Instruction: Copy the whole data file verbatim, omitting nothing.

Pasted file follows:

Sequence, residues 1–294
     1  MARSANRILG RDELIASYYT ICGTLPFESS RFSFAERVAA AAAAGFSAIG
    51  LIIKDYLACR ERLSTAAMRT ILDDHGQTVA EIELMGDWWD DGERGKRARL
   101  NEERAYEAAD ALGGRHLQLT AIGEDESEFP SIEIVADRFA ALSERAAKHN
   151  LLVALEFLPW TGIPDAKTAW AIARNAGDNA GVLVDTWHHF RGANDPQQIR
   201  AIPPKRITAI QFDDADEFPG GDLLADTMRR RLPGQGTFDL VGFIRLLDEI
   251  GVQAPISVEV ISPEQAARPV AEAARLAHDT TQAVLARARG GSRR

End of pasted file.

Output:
Sequence, residues 1–294
     1  MARSANRILG RDELIASYYT ICGTLPFESS RFSFAERVAA AAAAGFSAIG
    51  LIIKDYLACR ERLSTAAMRT ILDDHGQTVA EIELMGDWWD DGERGKRARL
   101  NEERAYEAAD ALGGRHLQLT AIGEDESEFP SIEIVADRFA ALSERAAKHN
   151  LLVALEFLPW TGIPDAKTAW AIARNAGDNA GVLVDTWHHF RGANDPQQIR
   201  AIPPKRITAI QFDDADEFPG GDLLADTMRR RLPGQGTFDL VGFIRLLDEI
   251  GVQAPISVEV ISPEQAARPV AEAARLAHDT TQAVLARARG GSRR